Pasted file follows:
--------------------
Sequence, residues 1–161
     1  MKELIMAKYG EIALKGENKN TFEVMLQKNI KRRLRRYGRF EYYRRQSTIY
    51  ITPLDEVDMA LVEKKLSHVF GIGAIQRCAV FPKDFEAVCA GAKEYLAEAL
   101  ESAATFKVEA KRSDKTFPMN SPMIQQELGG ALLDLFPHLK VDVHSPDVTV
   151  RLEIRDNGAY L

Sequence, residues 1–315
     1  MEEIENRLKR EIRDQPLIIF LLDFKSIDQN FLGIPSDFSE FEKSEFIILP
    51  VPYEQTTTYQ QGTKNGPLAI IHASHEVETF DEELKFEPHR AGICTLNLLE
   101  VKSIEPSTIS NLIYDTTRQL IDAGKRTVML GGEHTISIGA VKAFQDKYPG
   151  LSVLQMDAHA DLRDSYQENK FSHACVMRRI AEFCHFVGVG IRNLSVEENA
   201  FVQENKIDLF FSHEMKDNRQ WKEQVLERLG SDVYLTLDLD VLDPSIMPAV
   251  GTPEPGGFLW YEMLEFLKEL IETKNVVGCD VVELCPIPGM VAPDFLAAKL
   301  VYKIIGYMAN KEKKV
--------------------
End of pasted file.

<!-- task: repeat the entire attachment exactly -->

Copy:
Sequence, residues 1–161
     1  MKELIMAKYG EIALKGENKN TFEVMLQKNI KRRLRRYGRF EYYRRQSTIY
    51  ITPLDEVDMA LVEKKLSHVF GIGAIQRCAV FPKDFEAVCA GAKEYLAEAL
   101  ESAATFKVEA KRSDKTFPMN SPMIQQELGG ALLDLFPHLK VDVHSPDVTV
   151  RLEIRDNGAY L

Sequence, residues 1–315
     1  MEEIENRLKR EIRDQPLIIF LLDFKSIDQN FLGIPSDFSE FEKSEFIILP
    51  VPYEQTTTYQ QGTKNGPLAI IHASHEVETF DEELKFEPHR AGICTLNLLE
   101  VKSIEPSTIS NLIYDTTRQL IDAGKRTVML GGEHTISIGA VKAFQDKYPG
   151  LSVLQMDAHA DLRDSYQENK FSHACVMRRI AEFCHFVGVG IRNLSVEENA
   201  FVQENKIDLF FSHEMKDNRQ WKEQVLERLG SDVYLTLDLD VLDPSIMPAV
   251  GTPEPGGFLW YEMLEFLKEL IETKNVVGCD VVELCPIPGM VAPDFLAAKL
   301  VYKIIGYMAN KEKKV